There have been so many things to write about the last few weeks but so little time to do it. I moderated a panel on work-life balance a couple weeks ago at HBS and I hope to write about it during the next few weeks. But now, while it’s fresh on my mind, I want to write about high levels of product variety.
On February 23rd, the Wall Street Journal reported about proliferation of toothpaste SKUs. According to the article, in January 2011, there were 352 distinct types or sizes of toothpaste at retail stores. When one examines the functions, flavors, and sizes, there could actually be more than 2,000 combinations of toothpaste! The functions include whitening, plaque prevention, gingivitis prevention, cavity protection, tartar control, long-lasting fresh breath, and baking soda & peroxide. The flavors include brisk mint, frosty mint, cool mint, crisp mint, “cinnamint”, vanilla, watermelon, and bubble gum. Toothpaste comes in gel or paste and there are multiple sizes. So maybe 352 is not that bad after all.
But 352 is utterly confusing to consumers. How on earth are we supposed to know exactly what we need when there are so many choices? And the costs of this confusion are well documented in the marketing literature. But as an operations professor, what worries me the most is all the waste associated with high product variety. Clearly there are manufacturing costs associated with high product variety. But there are also inventory related costs. While it is easy to forecast consumption of toothpaste, it’s really hard to do so at the item level when there are hundreds of different types. The difficulty of forecasting translates into poor management of inventory. And there are costs at the store level (I wrote an academic paper on this topic). High product variety drives store employees crazy because it complicates their operating environment.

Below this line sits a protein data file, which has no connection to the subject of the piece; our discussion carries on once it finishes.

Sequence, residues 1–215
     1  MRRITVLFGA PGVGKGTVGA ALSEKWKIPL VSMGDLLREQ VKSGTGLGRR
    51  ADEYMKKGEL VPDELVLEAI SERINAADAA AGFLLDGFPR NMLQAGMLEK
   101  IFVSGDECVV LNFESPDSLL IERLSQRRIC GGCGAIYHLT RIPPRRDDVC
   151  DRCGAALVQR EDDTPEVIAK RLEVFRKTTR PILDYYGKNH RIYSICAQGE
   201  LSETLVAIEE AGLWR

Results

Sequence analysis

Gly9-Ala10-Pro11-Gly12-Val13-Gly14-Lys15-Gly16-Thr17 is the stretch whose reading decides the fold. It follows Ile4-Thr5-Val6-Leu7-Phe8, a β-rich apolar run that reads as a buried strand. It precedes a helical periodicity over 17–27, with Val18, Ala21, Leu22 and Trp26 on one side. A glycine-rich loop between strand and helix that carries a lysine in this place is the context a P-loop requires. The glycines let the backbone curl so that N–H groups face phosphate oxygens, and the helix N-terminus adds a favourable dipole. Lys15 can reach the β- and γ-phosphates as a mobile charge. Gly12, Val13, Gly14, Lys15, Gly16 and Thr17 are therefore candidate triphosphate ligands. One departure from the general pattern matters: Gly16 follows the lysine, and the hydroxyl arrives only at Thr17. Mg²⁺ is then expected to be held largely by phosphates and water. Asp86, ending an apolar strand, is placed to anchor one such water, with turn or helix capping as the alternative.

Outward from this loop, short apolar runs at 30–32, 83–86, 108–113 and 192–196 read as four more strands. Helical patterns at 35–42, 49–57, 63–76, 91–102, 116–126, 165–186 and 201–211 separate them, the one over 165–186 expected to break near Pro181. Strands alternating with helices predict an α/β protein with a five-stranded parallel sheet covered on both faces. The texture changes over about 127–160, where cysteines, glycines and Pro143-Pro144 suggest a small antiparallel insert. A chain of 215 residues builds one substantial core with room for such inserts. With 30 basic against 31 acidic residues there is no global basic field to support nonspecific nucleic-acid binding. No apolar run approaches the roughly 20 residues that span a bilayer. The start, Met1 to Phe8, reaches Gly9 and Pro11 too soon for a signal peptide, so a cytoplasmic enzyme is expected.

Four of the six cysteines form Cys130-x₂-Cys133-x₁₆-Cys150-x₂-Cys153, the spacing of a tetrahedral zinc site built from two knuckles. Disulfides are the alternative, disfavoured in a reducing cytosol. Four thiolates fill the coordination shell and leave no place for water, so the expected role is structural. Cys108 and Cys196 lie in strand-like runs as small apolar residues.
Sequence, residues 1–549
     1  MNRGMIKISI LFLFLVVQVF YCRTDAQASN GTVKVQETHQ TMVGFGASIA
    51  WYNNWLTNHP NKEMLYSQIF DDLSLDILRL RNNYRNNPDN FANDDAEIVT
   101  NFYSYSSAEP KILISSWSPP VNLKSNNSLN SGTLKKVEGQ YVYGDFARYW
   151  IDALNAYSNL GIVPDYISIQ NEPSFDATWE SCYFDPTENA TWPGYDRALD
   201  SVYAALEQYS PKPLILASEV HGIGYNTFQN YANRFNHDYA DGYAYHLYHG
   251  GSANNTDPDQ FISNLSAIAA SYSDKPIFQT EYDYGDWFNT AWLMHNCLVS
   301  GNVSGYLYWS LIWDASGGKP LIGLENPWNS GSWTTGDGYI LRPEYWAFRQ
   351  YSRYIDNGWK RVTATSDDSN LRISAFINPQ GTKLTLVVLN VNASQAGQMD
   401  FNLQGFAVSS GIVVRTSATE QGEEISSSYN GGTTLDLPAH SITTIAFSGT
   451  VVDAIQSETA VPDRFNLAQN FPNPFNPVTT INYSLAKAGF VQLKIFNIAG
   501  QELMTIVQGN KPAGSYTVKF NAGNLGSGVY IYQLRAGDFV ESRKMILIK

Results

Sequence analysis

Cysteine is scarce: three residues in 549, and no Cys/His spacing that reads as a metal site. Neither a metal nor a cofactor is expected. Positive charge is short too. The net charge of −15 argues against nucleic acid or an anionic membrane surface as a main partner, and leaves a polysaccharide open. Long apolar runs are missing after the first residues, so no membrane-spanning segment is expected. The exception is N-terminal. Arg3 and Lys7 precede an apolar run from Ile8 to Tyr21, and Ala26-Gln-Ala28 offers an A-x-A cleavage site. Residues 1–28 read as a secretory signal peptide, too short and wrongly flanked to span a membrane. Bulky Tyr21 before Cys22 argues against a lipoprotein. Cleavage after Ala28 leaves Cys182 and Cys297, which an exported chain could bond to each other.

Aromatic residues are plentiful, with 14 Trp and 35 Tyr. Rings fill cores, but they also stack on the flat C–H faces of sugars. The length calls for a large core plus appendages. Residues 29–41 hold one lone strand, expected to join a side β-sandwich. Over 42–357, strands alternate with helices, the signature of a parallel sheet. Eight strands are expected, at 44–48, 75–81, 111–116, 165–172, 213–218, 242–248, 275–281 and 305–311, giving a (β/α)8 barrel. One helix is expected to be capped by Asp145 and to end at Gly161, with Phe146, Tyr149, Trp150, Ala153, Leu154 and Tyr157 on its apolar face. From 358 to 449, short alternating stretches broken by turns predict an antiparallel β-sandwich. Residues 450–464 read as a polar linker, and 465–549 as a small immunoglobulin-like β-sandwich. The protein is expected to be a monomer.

On a lighter note, I was at Disneyland with my family this weekend and I ran into a situation at a store that struck me. My kids are really into Lego so our trip included spending time at a Lego store. While my kids were amazed by the huge creations at the store, including a giraffe that took more than 250,00 pieces of legos to create, I kept staring at the section that displayed hundreds of different mugs differentiated by names. Here is a photo of a small section:
Yes, maybe some people are excited to walk out of the store with a mug that shows their name. But with the proliferation of names in a multicultural world, how many of the customers will actually be frustrated that their name is not in there? Speaking of my family, none of our four names were available. Maybe we are just a weird family, but I imagine there are many families that visit Disneyland that will encounter similar disappointment.
I have no idea how much a machine that does on-demand printing would cost, but the operations junkie in me kept thinking that there must be a better way to manage this situation.